Audits involve the systematic and independent examination of an organization’s statutory records, documents, vouchers, and book of accounts. Typically, audits seek to determine the extent to which an organization’s financial and nonfinancial disclosures reflect its true position. During the audit, auditors attempt to ensure that a company’s accounting books reflect are properly maintained as required by law. To meet the goals of corporate auditing, experts employ three discrete types of auditing methods. These are process, product, and system audits. Other methods such as document and desk reviews may be used independently, in conjunction, or to complement the three major types. This post provides a broad overview of the three discrete auditing methods and the audit phase.
Top Three Discreet Auditing Approaches
Product Audit: reviews any service or product to evaluate its conformance to design standards, specifications, consumer requirements, or performance standards.
Process audit: this type of audit verifies that processing functions meet design limits. In it, auditors evaluate whether operational methods meet set standard or instructions and how far these processes conform to the standards of efficiency.
Process audits may: Assess a process’ conformance to pressure, time, accuracy, amperage, responsiveness, composition, component mixture, or temperature.
Evaluate whether processing resources (employees, materials, equipment) are properly applied in the process of converting inputs into outputs, environmental regulations, methods used and any collective measures that affect operational performance.
Assess the appropriateness and efficacy of control procedures to operational protocols, flowcharts, workflows, processes, and training.
System audit: this is a type of an audit performed on management systems. Often system audits seek to document by verifying, examining, and evaluating objective facts to determine whether a system ‘s major elements are utilized according to developed, established, implemented, and documented system requirements. Subsequently, a system audit may include:
An overall quality management system audit that evaluates a system’s quality program to determine its compliance with contractual obligations, company policies, and regulations.
An environmental system audit to assess if a system complies with environmental regulations and a food safety system audit that examines whether a system meets the requirements of the food safety management system and an audit that examines the status of system’s safety program.
Internal and External Audits
Both internal and external audits have three stages: first, second, and third-party stages.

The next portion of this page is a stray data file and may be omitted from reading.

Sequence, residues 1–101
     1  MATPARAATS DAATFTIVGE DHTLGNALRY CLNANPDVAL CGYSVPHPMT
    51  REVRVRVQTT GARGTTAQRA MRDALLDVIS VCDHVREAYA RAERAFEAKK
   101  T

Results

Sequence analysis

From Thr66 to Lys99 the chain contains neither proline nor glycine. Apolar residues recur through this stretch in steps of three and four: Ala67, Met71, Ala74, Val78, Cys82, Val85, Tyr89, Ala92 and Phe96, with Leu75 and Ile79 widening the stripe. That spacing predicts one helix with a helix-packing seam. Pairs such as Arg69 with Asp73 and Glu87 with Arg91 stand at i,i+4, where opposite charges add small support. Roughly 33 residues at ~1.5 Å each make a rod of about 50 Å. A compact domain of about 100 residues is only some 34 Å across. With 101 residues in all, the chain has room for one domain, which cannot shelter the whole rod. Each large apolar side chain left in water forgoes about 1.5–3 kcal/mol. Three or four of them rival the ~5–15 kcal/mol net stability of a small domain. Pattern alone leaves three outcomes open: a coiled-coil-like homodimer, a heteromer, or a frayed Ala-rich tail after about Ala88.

- First party Audits- conducted by organizations to establish its strong and weak points against internal procedures, standards, or external procedure or standards. First party audit is either voluntary or mandatory. During a first party audit, organization auditors have no stake in the audit and therefore act impartially.
- Second Party Audits: in this type, a customer appoints an auditor to audit a supplier or organization of interest in the presence of an active contract. These audits are subject to contract law and provide direction between the supplier and customer. Typically, second party audits are highly formal than first-party audits as finding influence how the customer decision-making capacity.
- Third Party Audits: a type of audit conducted in whihc an external organization audits the customer-supplier relationship and is typically free from bias or conflict of interest. Usually, the presence of an independent auditor characterizes their party audits. The outcome of this type of an audit includes official recognition, certification, registration, licensing citations, fines awards or personalities. With that in mind, let us turn our attention to the four phases of the audit process.
Audits involve a four-way procedure
Preparation: this stage involves activities performed by an audit’s parties including the lead auditor, the client, the auditor, and the audit manager for meeting the audit’s goals or objectives. The preparation stage terminates when the actual audit begins.
Performance: the actual phase of the auditing process alternatively referred to as fieldwork. It extends from when the audit team arrives on location up to the exit meeting. This phase involves the collection of data, on-site management, meetings, processing, system controls and verification, information interchange, and contact with the audit’s audience.
Reporting: generally, at the end of an audit a report is presented with the results of its findings. An audit report provides the audience with accurate and clear data that benefit an organizations management and is useful for addressing identified issues that need improvement. Often, an audit ends when the lead auditor presents the report or after follow-up activities have completed.
Follow-up and Closure: in compliance with ISO 19011 clause 6.6 an audit completes immediately all designated audit activities terminate or after a client agrees to end the audit. However, clause 6.7 indicates that follow-up activities may be part of a future audit.
As organizational audits play an important role in helping organizations identify their shortcomings, you might find yourself looking for a London accountancy firm to help you perform an audit on your organization. Please feel free to contact us to find out how we can be of assistance.